It's not just entertainment: why we should not apologise for saving sport
What? Why? I didn’t hear the man from Waterstones in the business bulletin saying “I know in the context of coronavirus, it’s just reading books.”
I understand the value of books. I don’t understand the constant dismissal of the value of sport.
Now I find myself in a place where I feel defensive of sports business.
The result of people participating in sport (in the UK) is a reduced impact on the NHS and long-term economic value to the country. See the study by UEFA and the Scottish FA – which Seven League was a small part of – which proved the undeniable impact economically and societally of sport.
Our country is inordinately skewed towards football and this week has seen criticism of Premier League clubs for their response to the virus, as well as praise for other parts of their work, from the Mayor of London, Sadiq Khan.
Beyond football, there is a full range of sports in the UK. Some of these sports are where the real worry lies.
For years, we at Seven League have flagged the challenges of the Attention Economy and how sport would be threatened by an inability to stay in contact with its audience. Digital Transformation brings opportunity but also threat to the sector as it has done to all the others we have worked in. Little did we know that coronavirus would accelerate that threat significantly.
In the last week I have had multiple conversations with CEOs of sports governing bodies in the UK and the threat is palpable. Some of them are not strong businesses. Many have, at the behest of Sport England, endeavoured to become self-sustaining commercial entities over the last two years – less reliant on government handouts.
The irony is that, as a result of coronavirus, they need government support just as much as anybody else. If they don’t get it, they will go under. That’s why the announcement by Sport England, today, is so important.
We are doing our bit to support the sporting organisational infrastructure in this country because it makes a difference to the long-term health of the country. Some of the national governing bodies are on the precipice. They were due to host annual competitions which won’t happen now. They had open days planned where they sign up their new members for the year, which won’t happen now.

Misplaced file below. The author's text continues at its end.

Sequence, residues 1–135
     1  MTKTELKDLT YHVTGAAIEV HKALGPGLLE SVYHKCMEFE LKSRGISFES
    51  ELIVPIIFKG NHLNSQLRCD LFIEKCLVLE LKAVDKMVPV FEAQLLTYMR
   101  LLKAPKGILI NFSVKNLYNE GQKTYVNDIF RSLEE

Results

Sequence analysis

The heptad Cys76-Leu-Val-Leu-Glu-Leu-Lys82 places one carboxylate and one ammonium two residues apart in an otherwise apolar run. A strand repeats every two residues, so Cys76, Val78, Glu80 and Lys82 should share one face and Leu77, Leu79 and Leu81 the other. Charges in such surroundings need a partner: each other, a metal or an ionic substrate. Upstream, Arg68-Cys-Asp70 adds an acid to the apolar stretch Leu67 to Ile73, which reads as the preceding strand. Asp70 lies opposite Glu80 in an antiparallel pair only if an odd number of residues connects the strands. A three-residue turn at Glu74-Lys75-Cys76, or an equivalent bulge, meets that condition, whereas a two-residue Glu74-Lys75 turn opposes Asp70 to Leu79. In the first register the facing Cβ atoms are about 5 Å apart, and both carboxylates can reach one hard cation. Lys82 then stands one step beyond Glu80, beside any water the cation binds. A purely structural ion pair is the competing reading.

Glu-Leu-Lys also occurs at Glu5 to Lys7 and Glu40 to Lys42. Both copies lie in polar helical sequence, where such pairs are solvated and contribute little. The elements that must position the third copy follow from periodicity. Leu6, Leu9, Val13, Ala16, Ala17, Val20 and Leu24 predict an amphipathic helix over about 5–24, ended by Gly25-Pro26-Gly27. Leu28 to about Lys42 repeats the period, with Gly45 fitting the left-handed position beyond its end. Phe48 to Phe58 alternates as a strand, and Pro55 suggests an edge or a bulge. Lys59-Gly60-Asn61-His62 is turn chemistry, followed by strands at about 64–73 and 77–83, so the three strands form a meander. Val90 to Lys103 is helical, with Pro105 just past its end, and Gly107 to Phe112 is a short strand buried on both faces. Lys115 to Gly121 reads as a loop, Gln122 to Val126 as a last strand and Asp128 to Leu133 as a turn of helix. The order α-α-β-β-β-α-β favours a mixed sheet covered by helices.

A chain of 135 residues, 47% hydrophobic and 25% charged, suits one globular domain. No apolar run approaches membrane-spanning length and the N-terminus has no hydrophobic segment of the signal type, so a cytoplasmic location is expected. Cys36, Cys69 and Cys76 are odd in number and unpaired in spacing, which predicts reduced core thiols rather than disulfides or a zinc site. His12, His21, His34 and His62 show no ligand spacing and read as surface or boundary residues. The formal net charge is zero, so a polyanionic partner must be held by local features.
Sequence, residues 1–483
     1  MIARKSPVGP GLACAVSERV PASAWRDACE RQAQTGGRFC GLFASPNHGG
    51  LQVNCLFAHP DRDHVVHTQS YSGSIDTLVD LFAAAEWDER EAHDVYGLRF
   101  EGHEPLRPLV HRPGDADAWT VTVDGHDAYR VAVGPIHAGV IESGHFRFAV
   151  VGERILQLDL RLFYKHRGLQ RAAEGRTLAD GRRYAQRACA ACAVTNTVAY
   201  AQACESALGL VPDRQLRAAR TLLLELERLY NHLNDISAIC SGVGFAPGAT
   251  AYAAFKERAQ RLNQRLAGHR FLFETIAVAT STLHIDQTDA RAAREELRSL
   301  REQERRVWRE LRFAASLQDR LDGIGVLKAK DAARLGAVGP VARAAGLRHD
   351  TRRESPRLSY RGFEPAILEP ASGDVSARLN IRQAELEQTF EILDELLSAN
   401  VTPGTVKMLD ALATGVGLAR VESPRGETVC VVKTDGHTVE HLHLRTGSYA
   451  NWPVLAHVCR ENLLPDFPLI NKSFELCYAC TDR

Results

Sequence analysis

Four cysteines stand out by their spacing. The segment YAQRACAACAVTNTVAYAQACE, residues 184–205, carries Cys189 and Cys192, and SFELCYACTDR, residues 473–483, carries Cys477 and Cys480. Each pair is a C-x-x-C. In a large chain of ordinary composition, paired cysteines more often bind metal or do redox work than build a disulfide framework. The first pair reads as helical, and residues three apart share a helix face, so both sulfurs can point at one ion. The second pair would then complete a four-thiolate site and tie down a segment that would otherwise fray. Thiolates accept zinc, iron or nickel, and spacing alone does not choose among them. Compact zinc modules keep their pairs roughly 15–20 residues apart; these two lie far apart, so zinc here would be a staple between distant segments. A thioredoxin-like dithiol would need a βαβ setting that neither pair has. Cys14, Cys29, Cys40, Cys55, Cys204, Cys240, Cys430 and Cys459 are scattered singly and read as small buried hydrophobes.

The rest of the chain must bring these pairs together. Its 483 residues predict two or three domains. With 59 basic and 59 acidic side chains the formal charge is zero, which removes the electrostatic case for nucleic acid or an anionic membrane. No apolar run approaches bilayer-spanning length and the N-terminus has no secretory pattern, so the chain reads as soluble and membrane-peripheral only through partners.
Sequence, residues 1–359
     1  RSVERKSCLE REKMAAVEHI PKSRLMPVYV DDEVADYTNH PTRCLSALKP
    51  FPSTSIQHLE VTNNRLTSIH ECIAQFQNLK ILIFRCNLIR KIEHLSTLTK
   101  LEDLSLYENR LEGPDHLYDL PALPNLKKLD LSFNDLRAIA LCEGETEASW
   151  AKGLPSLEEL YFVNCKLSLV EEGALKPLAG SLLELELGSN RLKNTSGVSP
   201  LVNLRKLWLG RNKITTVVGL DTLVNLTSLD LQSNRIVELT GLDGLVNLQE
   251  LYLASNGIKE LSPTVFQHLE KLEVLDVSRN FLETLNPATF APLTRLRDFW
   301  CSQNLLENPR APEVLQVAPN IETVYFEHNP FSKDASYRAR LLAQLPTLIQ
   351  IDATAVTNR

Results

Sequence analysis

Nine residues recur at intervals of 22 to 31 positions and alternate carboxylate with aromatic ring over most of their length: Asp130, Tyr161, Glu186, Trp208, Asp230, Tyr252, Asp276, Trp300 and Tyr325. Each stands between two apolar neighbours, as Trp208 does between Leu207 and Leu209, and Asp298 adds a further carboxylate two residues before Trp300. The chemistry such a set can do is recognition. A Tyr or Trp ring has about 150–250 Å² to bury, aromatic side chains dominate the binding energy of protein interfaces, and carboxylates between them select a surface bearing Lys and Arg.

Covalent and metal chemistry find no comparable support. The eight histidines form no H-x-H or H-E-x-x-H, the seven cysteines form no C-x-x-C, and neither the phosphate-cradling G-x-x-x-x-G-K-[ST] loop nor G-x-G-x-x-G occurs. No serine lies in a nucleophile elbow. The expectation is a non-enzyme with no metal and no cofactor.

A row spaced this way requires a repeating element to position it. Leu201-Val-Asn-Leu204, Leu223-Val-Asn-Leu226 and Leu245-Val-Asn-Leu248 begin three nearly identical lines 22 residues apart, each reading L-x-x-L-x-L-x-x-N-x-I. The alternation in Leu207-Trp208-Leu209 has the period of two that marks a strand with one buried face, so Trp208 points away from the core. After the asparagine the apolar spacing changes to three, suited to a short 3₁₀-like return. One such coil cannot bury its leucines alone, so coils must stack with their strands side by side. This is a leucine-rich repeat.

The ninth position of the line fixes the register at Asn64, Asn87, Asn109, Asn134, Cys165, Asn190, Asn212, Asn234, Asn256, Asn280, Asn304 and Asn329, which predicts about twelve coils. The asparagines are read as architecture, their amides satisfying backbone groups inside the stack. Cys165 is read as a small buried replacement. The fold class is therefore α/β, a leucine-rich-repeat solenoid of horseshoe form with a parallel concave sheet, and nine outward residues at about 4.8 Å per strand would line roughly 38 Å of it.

Yet, despite the stresses on those organisations at the moment, sport can help the country with the immediate challenges we face. It has many excellent lessons to teach us.
We’ve been putting time into helping sport understand the stories it can tell now, whilst the normal cadence of matches is disrupted.
There is, of course, celebration of former glories and using the archive, but my biggest hope is that sport can lead people to understand the value of discipline.
There are so many incredible stories about discipline being the thing that won the game, or helped a player return from injury, or where an athlete benefitted from a strict regime of training or diet.
There are also stories from off the pitch: the discipline of the groundsman, stewards, security personnel, etc. If there is one thing our country needs at the moment, it is the discipline to maintain a daily regime but most importantly the discipline to follow the rules … stay indoors, save lives.
Sport business, both big and small, makes a tremendous contribution to the economic, physical and mental wellbeing of the country.
I want my children to be inspired by the sport they see on television, the sport they see in the park and the sport they play at the local leisure centre. I want them to learn about discipline, respect, giving back and trusting teammates.
It’s not “just entertainment” and we shouldn’t have to apologise for trying to keep the sporting infrastructure safe for the future of this country.